Wednesday, September 23, 2015

The Problem We All Live With - This American Life

This podcast from This American Life was both very interesting and sad. The overall theme of both parts of the podcast is that while there have been many attempts to try and "fix" underperforming schools and school districts across the country, most districts fail to do the one thing that Brown vs Board of Education was supposed to do in 1954: eliminate "separate but equal", and establish integration in schools. Both parts of the podcast explain that impoverished, underperforming districts continually try to "fix" their schools by using a variety of techniques: hire new teachers, increase after-school activities, re-design curriculums, etc. Indeed, we continually see this in Providence public schools. Several high schools here in the city are using outside consultants to redesign school instruction, organizations such as Teach For America and City Year have been brought in to try and assist schools across the city, and the state/city has spent large sums of money on teacher development over the past several years. The podcast speaker notes that underperforming school districts are trying to decrease the "achievement gap" that persists between white and minority students, but these attempts will never be successful. She argues that the only way to fix the ever present achievement gap is to integrate these school districts with wealthier, "whiter" ones. I agree with the speaker on this point. Numerous studies have shown that if you integrate lower-achieving, minority students with high achieving white ones, the minority students' academic achievement increases significantly. Still, I believe she was too dismissive when the superintendent of the normandy schools explains that he wants radical change. Integration is the utopia, but given societal constraints, it is important that these under-resourced schools do look for radical change because the old system is clearly failing.

Additionally, in Part I, a researcher focuses on an "accidental" integration that happened to some students from the Normandy school district in Missouri. After the Normandy school district became unaccredited, the state allowed students to attend another school district, Fall Hollow, that is 45 minutes away. Roughly 1000 students decided to switch from the failing school district to the more resourced, almost entirely white suburban district. The most disturbing part of this podcast is the recorded statements from the parents of Fall Hollow following this decision; many of the parents expressed their desire to leave the school district, their concerns of violence, and their concerns that the quality of their children's education was in jeopardy. Although I cannot argue whether these parents' concerns were entirely based on race, I can understand why many would be concerned. I do not have children of my own, but I hope that one day I can move to a town that has a strong academic reputation. Indeed, I feel that most parents, just like the parents who sent their kids to Fall Hollow from Normandy, would and do the same. It is easy to see why many parents would be concerned about over-crowding, or lack of resources (but I do think some of the concerns suggested were completely racist and absurd). So, if I do decide to send my kids to a private school or live in a wealthier neighborhood with great schools, am I only supporting a cycle of racism?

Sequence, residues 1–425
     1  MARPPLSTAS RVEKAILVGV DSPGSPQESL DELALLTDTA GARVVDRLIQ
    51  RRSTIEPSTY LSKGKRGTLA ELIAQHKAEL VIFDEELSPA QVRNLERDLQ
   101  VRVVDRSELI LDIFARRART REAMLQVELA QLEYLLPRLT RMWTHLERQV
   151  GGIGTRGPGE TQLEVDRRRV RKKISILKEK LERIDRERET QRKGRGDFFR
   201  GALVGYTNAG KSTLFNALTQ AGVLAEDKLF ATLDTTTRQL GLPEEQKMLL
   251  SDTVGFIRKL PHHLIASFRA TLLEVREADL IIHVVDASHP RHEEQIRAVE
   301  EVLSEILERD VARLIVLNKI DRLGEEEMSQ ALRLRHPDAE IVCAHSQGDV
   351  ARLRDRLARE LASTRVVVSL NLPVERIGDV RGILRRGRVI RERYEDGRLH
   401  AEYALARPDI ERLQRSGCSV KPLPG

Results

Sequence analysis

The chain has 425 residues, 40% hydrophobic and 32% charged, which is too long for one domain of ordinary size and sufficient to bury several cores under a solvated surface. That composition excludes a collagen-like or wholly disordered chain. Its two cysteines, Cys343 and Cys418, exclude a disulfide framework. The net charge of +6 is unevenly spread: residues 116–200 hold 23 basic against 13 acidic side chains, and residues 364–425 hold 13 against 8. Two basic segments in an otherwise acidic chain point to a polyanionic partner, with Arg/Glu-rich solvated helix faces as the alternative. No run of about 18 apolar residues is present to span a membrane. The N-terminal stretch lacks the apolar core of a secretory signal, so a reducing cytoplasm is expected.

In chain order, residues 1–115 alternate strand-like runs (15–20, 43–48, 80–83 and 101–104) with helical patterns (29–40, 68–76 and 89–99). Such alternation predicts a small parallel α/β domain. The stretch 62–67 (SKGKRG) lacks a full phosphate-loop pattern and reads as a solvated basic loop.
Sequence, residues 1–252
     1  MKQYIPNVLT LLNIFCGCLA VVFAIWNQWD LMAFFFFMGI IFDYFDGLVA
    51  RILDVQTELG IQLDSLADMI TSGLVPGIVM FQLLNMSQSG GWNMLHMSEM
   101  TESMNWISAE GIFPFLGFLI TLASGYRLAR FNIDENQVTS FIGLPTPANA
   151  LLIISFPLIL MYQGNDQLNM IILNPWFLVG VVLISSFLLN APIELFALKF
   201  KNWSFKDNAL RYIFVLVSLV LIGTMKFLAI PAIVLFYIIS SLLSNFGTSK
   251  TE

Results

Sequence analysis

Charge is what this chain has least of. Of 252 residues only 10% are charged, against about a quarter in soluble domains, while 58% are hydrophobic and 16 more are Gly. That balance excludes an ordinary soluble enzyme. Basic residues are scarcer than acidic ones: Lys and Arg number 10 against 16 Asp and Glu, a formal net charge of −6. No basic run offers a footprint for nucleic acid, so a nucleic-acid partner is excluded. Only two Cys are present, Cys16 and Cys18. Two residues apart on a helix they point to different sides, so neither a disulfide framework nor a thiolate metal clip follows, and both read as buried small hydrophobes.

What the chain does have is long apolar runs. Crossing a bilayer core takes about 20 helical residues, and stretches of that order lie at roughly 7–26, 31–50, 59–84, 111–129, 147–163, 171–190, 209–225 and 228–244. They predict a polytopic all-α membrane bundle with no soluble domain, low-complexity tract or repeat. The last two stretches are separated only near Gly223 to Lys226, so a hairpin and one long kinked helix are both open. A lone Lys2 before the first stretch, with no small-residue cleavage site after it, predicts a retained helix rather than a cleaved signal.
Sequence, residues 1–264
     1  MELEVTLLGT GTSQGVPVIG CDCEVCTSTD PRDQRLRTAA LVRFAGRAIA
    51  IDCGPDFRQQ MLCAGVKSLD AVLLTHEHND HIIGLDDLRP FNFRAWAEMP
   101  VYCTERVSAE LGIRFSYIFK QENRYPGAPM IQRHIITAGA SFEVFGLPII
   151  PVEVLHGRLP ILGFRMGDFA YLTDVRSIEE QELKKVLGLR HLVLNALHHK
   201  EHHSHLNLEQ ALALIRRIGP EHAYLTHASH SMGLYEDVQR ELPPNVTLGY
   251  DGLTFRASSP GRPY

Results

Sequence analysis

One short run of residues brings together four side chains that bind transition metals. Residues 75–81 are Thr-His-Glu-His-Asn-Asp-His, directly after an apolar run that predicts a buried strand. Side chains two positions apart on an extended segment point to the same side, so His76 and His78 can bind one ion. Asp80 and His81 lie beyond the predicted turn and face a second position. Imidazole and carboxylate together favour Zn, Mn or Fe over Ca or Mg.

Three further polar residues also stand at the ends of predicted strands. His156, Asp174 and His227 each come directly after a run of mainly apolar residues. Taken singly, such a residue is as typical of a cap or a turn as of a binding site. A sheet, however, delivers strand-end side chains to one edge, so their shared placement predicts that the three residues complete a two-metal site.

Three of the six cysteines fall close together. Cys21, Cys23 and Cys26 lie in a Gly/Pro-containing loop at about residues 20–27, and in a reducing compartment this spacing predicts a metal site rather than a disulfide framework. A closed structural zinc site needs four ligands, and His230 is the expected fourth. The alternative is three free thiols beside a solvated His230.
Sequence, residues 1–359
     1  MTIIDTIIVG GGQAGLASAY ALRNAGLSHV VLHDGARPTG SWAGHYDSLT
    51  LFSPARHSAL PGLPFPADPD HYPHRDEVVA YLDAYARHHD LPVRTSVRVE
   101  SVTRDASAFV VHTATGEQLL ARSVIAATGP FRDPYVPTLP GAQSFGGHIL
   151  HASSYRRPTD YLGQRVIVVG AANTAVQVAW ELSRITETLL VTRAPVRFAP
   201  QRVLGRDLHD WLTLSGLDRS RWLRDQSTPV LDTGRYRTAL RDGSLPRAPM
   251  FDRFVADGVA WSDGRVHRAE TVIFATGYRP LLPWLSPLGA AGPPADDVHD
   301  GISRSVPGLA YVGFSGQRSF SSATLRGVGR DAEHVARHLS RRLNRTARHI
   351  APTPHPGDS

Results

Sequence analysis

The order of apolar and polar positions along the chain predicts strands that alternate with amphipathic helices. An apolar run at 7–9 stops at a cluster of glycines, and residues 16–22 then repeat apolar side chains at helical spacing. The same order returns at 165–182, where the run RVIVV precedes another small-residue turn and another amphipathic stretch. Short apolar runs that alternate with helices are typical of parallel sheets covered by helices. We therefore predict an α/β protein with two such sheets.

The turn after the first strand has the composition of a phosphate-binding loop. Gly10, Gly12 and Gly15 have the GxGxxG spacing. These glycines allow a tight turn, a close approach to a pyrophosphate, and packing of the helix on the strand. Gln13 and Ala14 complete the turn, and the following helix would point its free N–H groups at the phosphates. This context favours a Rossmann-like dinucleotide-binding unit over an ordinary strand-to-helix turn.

Another point that resonated with me came at the conclusion of Part II. One of the guests, a white woman, explains that white people "don't want to talk about school integration as a race issue". Instead, she argues that white people often center their arguments against school integration around issues of "poverty", "lack of funding", and "lack of resources". The speaker notes that opponents to school integration do not want to admit that this is a race issue, so they tiptoe around the issue using other excuses. While I do believe that racial prejudices are often sadly at play, I do not necessarily believe that opponents to school integration are simply opposed because of race. If there was a school that was comprised of 70-90% black and/or Latino students and the school was performing well (plenty of resources, high graduation rates, a history of graduates attending great colleges, etc), I do to believe that white parents would be opposed to sending their children to such a great school. Perhaps I have too positive of a look on this, but I like to believe that parents from predominantly Caucasian communities want their children to go to a good school. If that good school is comprised of predominantly minority students, I would be surprised if white parents would be so strongly opposed.

1 comment:

  1. I think the Magnet schools of CT were the answer to the last part of what you describing, yet, they have high executive media campaigns to sell these schools to the white parents, hoping for 25% integration. Another part of the story speaks to the same point, in Act 1 of part 2 "That the only way to make the schools better for non-white kids was to bring in white kids."